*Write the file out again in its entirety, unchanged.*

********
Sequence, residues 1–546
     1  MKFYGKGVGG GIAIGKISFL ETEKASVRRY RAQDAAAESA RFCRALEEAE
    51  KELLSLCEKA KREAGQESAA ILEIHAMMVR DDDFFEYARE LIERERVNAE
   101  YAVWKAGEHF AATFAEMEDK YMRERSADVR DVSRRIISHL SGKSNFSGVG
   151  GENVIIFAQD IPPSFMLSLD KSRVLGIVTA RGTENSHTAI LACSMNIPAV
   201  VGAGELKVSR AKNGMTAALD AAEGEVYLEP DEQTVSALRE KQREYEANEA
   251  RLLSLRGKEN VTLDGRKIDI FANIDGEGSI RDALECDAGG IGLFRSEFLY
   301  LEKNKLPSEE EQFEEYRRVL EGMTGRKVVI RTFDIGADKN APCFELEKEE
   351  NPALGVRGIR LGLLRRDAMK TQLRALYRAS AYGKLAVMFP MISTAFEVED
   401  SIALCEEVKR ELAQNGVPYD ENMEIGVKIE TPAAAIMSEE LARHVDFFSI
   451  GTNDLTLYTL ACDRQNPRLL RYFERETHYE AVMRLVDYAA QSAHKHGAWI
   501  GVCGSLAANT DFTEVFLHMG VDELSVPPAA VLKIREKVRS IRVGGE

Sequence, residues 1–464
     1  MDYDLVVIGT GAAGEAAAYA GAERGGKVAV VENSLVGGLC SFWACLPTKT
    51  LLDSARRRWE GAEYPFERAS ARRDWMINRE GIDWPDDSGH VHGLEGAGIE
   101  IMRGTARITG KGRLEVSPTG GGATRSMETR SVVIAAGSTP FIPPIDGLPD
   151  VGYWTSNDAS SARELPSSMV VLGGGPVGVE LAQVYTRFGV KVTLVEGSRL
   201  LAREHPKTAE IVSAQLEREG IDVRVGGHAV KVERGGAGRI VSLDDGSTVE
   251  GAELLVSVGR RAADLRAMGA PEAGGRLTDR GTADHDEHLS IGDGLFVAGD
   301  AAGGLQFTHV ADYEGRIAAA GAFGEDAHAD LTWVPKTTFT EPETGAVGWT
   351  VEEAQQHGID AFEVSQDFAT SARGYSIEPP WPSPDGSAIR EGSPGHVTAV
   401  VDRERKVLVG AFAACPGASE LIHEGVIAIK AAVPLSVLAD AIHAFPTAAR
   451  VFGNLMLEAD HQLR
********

Sequence, residues 1–546
     1  MKFYGKGVGG GIAIGKISFL ETEKASVRRY RAQDAAAESA RFCRALEEAE
    51  KELLSLCEKA KREAGQESAA ILEIHAMMVR DDDFFEYARE LIERERVNAE
   101  YAVWKAGEHF AATFAEMEDK YMRERSADVR DVSRRIISHL SGKSNFSGVG
   151  GENVIIFAQD IPPSFMLSLD KSRVLGIVTA RGTENSHTAI LACSMNIPAV
   201  VGAGELKVSR AKNGMTAALD AAEGEVYLEP DEQTVSALRE KQREYEANEA
   251  RLLSLRGKEN VTLDGRKIDI FANIDGEGSI RDALECDAGG IGLFRSEFLY
   301  LEKNKLPSEE EQFEEYRRVL EGMTGRKVVI RTFDIGADKN APCFELEKEE
   351  NPALGVRGIR LGLLRRDAMK TQLRALYRAS AYGKLAVMFP MISTAFEVED
   401  SIALCEEVKR ELAQNGVPYD ENMEIGVKIE TPAAAIMSEE LARHVDFFSI
   451  GTNDLTLYTL ACDRQNPRLL RYFERETHYE AVMRLVDYAA QSAHKHGAWI
   501  GVCGSLAANT DFTEVFLHMG VDELSVPPAA VLKIREKVRS IRVGGE

Sequence, residues 1–464
     1  MDYDLVVIGT GAAGEAAAYA GAERGGKVAV VENSLVGGLC SFWACLPTKT
    51  LLDSARRRWE GAEYPFERAS ARRDWMINRE GIDWPDDSGH VHGLEGAGIE
   101  IMRGTARITG KGRLEVSPTG GGATRSMETR SVVIAAGSTP FIPPIDGLPD
   151  VGYWTSNDAS SARELPSSMV VLGGGPVGVE LAQVYTRFGV KVTLVEGSRL
   201  LAREHPKTAE IVSAQLEREG IDVRVGGHAV KVERGGAGRI VSLDDGSTVE
   251  GAELLVSVGR RAADLRAMGA PEAGGRLTDR GTADHDEHLS IGDGLFVAGD
   301  AAGGLQFTHV ADYEGRIAAA GAFGEDAHAD LTWVPKTTFT EPETGAVGWT
   351  VEEAQQHGID AFEVSQDFAT SARGYSIEPP WPSPDGSAIR EGSPGHVTAV
   401  VDRERKVLVG AFAACPGASE LIHEGVIAIK AAVPLSVLAD AIHAFPTAAR
   451  VFGNLMLEAD HQLR